Monday, March 20, 2017

A lament on waiting

One of the hardest parts of every single day of my life is waiting.
Waiting for people who are late for appointments.
Waiting for people who have yet to wake up and read their email. Waiting for them to decide to respond. Waiting for volunteers to have time to read email and feel like responding. Waiting for things to get done at another person's pace although you know time is of the essence in almost everything. Waiting for a Skype or phone call while the other person forgets and feeling like you cannot afford to get mad. Waiting for the moment as you work late when you will start feeling dizzy at your desk but need to push so that at least things on your desk will get done on time.
Waiting, and biting back the goading and pushing, and remembering to always sound abjectly grateful--you have no idea how stressful this can be. My ego is daily subdued by continuing to depend on other people for all sorts of things--their time, their money, their effort, their attention.
I will end this life having learnt great patience despite my fundamental impatience and a Bombayite's deeply embedded sense of urgency.
In my next life, I want to be surrounded by speedy people and the luxury of leisurely creation.
And I want never ever to put people in the position in which I constantly am-- of quelling anxiety and hypertension as I wait; of tempering the need to scream at them; of feeling very small because I depend on their goodwill; of feeling helpless; of knowing that a decade of just waiting for other people has decimated my stamina to the point that even tasks I can execute on my own now take help.

Monday, January 2, 2017

Thoughts about time and work

No, this is not an economic analysis of anything, although economics are surely on most Indian minds now.

It's near the end of the first working day of my shiny new 2017 timetable which is still redolent with good intentions and determination. I have spent the half-the-day on my other work and taken the second half of the day for what I think of as my own or actual work.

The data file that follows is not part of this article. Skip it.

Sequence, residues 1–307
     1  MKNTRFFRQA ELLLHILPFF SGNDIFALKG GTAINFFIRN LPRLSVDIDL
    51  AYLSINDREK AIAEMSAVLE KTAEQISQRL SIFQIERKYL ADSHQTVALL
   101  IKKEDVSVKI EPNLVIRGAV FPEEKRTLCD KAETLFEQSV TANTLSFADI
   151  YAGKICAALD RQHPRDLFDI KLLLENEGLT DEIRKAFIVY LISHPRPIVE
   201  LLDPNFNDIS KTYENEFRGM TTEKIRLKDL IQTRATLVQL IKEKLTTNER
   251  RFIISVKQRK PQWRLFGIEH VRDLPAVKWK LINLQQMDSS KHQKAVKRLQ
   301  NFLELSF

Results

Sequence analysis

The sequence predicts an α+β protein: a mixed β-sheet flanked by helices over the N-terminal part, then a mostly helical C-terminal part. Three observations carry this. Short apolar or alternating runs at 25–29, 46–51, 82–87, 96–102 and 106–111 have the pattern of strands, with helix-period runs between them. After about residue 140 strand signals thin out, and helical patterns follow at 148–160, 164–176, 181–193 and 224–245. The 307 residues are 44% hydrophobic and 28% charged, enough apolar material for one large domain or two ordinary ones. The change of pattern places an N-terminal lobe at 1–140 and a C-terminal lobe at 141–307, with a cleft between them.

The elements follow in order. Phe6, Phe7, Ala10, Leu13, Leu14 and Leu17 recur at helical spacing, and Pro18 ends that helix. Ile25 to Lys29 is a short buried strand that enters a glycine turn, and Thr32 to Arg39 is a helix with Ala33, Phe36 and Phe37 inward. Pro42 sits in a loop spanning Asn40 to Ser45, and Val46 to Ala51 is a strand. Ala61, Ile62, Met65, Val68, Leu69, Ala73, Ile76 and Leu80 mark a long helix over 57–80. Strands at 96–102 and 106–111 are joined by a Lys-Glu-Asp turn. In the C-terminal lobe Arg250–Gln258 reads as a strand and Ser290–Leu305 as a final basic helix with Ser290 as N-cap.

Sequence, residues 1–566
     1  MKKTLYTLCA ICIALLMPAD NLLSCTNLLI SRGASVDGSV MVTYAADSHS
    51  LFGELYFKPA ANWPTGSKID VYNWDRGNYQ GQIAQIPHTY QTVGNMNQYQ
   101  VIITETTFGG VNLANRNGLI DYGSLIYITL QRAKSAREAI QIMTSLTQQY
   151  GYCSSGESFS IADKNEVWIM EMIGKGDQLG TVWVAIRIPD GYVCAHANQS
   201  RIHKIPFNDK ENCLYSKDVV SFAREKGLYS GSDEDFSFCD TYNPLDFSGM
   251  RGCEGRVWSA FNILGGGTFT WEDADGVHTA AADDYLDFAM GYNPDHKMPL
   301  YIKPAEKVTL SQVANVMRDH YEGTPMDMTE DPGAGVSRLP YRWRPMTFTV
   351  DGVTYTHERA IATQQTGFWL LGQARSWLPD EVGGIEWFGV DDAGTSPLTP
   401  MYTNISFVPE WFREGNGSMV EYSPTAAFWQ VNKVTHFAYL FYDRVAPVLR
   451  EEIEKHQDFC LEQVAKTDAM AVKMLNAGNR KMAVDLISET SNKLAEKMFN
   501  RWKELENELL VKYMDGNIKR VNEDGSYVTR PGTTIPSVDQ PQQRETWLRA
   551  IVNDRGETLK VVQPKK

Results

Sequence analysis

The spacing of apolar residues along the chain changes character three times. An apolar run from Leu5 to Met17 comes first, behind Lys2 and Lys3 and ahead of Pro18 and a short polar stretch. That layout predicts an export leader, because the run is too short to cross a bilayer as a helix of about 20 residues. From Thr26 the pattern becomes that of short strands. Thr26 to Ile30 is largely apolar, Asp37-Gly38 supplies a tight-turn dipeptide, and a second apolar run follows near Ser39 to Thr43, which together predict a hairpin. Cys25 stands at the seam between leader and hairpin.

Today, my own work has been pottering and reading at random. I have discovered articles from 2016 via the Pocket App that I installed with a view to reviving an old project. The articles I have read were interesting and thought-provoking but I will not use them anywhere. Except to think and grow.

As the day closes, I feel like I have not used it optimally. Have I achieved anything, made any progress? Ironically, one of the articles I read reflects on this need we all have to be constantly engaged in what we imagine is a purposeful fashion. We cannot just be.

This afternoon, aside from some annoying bureaucratically mandated interruptions, I have just been. I have drifted, I have read, I have had the occasional thought. My thoughts have wandered. I have not produced anything or checked off anything, so has it been a waste?

I must ask if this will be how I measure the value of my new time-table. Is the purpose of the new time-table to carve space for me to be myself--without an audience, without a goal--or is to produce X deliverables by year-end? I know the first is indispensable to the second, and I know too, that the first is now desperately necessary in my life.

Perhaps my first goal for my new time-table should be to re-define what would be a good use of my time, and start thinking of this letting go, this just-being, this reclaiming me for myself as more than enough.